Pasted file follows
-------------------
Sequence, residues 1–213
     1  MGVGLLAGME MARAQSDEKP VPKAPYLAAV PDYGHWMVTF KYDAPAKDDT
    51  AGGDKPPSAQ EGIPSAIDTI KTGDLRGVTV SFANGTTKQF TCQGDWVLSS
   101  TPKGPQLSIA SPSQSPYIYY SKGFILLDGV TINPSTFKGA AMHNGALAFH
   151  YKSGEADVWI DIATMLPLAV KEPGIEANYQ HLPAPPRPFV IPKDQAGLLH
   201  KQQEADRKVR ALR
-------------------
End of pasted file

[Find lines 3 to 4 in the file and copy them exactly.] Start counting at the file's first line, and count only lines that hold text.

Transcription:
    51  AGGDKPPSAQ EGIPSAIDTI KTGDLRGVTV SFANGTTKQF TCQGDWVLSS
   101  TPKGPQLSIA SPSQSPYIYY SKGFILLDGV TINPSTFKGA AMHNGALAFH